The debate on NHS pay has again flared up amidst dismay at government offerings to NHS staff in the midst of an unprecedented epidemic in the UK. The raise for NHS GPs, nurses, consultants and other healthcare staff was initially set to be 1%, but was raised last week to 3%. Even the increase caused outrage across the healthcare sector with the Royal College of Nursing stating, ‘The sum is shambolic – and with inflation will leave staff £200 a year worse off’. The funding has been sourced from existing budgets – to the surprise of nurses in particular as the money is being removed from patient funding, meaning a hit on services. The government, however, had this to say in the press release around the raise, ‘For the average nurse, this will mean an additional £1,000 a year, while many porters and cleaners will receive around £540’.
Despite the unrest, new health secretary Sajid Javid MP, outlined the government’s thoughts, “NHS staff are rightly receiving a pay rise this year despite the wider public sector pay pause, in recognition of their extraordinary efforts. We asked the independent pay review bodies for their recommendations, and I’m pleased to accept them in full, with a 3% pay rise for all staff in scope, from doctors and nurses to paramedics and porters.” Controversy arose over the announcement of the changes which was not mentioned in a commons hearing into NHS services, with the shadow health secretary describing the omission as ‘contempt of our NHS’. The RCN recently announced a ‘summer of action’ in protest at the raise, which many nurses believe is insufficient for the personal and professional strain that has occurred in the wake of the pandemic, with some front-line nurses even losing their lives. At the upcoming RCN conference in September, there will be a vote by members on whether to stage industrial action which would spell disaster to NHS services already under pressure and huge waiting lists due to the scaling down of services to support coronavirus safety.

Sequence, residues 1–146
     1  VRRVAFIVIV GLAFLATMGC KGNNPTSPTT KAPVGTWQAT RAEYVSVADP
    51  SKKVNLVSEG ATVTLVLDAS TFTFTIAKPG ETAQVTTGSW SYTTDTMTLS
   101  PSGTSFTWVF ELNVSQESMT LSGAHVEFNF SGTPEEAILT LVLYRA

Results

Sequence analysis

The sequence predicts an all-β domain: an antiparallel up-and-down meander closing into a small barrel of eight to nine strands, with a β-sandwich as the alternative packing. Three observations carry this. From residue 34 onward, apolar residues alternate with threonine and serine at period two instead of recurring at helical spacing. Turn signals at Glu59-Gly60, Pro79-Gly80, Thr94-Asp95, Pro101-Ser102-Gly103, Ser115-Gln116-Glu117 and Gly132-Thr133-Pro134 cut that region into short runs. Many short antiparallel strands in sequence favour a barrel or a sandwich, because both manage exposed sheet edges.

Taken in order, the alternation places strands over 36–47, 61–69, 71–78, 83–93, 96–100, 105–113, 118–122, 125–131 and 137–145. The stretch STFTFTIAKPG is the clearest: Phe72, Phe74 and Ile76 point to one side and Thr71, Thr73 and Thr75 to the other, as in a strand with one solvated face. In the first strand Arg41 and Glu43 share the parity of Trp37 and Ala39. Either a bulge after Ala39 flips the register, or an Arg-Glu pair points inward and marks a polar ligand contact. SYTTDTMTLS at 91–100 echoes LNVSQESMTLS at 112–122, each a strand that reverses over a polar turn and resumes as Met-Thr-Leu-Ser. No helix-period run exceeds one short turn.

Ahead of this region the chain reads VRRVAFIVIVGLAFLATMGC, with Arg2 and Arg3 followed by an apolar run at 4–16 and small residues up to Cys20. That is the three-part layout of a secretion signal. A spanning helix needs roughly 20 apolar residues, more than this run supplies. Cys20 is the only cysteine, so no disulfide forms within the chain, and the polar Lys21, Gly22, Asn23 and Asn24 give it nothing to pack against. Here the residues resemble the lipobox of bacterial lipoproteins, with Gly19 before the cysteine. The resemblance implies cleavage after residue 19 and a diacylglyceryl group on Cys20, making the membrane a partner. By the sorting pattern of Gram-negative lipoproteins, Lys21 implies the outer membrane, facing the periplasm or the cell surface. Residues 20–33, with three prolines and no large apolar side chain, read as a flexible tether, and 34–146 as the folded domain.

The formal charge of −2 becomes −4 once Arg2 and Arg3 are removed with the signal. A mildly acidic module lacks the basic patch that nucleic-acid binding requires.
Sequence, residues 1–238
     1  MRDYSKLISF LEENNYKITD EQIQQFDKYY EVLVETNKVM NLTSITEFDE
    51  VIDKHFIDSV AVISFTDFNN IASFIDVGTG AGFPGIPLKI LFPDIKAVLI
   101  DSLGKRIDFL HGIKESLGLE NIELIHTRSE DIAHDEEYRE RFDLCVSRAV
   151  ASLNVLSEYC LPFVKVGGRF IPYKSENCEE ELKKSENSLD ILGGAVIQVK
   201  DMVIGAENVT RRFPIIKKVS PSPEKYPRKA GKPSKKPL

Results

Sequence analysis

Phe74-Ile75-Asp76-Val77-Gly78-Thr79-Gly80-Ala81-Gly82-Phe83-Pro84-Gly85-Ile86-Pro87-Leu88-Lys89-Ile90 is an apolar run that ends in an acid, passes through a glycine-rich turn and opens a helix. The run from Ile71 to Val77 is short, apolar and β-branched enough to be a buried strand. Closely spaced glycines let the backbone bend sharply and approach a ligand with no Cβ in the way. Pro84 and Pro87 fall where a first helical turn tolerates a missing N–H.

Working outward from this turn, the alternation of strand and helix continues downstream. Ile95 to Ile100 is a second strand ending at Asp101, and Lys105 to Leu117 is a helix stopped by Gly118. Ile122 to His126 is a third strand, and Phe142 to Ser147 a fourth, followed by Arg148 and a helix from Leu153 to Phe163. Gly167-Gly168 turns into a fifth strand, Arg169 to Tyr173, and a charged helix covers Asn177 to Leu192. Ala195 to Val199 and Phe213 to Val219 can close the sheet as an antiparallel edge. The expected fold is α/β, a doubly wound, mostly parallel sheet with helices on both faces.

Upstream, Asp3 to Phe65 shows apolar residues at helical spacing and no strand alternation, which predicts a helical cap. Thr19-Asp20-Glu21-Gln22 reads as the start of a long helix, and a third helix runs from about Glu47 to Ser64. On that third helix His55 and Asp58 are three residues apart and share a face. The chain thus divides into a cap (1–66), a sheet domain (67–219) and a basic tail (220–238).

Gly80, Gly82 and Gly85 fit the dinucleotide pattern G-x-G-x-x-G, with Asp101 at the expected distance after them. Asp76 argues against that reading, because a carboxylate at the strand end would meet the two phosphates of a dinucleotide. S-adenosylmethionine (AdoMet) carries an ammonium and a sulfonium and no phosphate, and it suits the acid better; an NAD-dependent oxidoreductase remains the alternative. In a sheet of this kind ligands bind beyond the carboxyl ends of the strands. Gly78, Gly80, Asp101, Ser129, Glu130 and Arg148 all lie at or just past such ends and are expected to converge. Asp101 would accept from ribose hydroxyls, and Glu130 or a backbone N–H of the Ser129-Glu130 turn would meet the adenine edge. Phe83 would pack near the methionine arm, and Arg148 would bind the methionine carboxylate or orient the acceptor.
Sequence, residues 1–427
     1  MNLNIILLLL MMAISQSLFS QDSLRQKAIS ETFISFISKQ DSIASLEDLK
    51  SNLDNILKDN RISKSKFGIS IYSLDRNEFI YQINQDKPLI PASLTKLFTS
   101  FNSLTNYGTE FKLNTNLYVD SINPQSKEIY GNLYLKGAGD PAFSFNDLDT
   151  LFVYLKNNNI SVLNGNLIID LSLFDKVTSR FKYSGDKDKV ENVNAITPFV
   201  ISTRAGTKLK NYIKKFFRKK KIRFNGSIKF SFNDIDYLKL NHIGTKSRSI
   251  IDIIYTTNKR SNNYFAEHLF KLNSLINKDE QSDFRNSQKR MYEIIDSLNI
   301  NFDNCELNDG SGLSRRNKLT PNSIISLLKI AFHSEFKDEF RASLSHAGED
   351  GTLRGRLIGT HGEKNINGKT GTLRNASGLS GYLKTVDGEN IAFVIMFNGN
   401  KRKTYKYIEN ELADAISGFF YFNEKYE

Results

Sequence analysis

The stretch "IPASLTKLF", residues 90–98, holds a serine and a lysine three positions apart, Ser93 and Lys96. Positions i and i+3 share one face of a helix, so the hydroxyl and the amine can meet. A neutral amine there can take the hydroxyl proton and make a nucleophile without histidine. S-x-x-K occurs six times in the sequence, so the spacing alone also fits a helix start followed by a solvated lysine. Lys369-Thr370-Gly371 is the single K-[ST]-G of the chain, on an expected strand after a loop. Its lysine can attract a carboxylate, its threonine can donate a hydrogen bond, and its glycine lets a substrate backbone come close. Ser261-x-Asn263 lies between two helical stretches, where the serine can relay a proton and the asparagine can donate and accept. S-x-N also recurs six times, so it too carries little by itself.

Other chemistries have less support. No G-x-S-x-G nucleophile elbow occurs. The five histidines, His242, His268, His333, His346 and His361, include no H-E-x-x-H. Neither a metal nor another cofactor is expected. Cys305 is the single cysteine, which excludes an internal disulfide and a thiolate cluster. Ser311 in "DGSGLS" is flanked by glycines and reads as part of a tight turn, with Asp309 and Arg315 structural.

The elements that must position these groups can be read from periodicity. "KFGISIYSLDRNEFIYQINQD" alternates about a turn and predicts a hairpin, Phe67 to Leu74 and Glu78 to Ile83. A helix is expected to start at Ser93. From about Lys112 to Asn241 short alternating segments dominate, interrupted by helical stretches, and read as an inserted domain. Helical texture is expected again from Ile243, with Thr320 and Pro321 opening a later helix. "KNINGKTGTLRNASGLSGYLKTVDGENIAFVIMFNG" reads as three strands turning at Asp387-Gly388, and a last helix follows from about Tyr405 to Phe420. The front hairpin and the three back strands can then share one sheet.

How does the NHS salary for nurses compare to other countries? A study compiled and presented in Health Matters states that the average salary across all levels of nurses in UK hospitals is £40,281. This puts the UK at 13th in the list, with countries like Germany and Norway earning £44,944 and £57,788 respectively. However, a significant number of NHS staff (43%) report at least 5 hours of extra unpaid work, and 3.5% clocking up almost 11 hours of unpaid work. With the coronavirus pandemic and pressures on ICUs and intensive care facilities, nurses often cannot simply ‘clock out’ when their shift is over due to the continued need with high dependency patients.
To progress with matters, a hearing with NHS staff between senior leaders and government should be undertaken to better understand what constitute a ‘reasonable’ pay-rise for nurses and other practitioners. One detects a hint of irony in the ‘clap for carers’ routine which started at the dizzying heights of the pandemic last April. Others argue that pay rates were set before the pandemic and that nurses and other healthcare professionals were fully aware of pay rates and future pay increases as set out in the Agenda for Change. In the light of this pandemic we have clearly seen a topple in the order of which jobs are deemed as important and not important – with anything healthcare related absolutely essential to societal functioning. The RCN and other bodies will not stop in their path to progress for pay, and it may be time for government to reward our workers, some of whom have made the ultimate sacrifice for patient care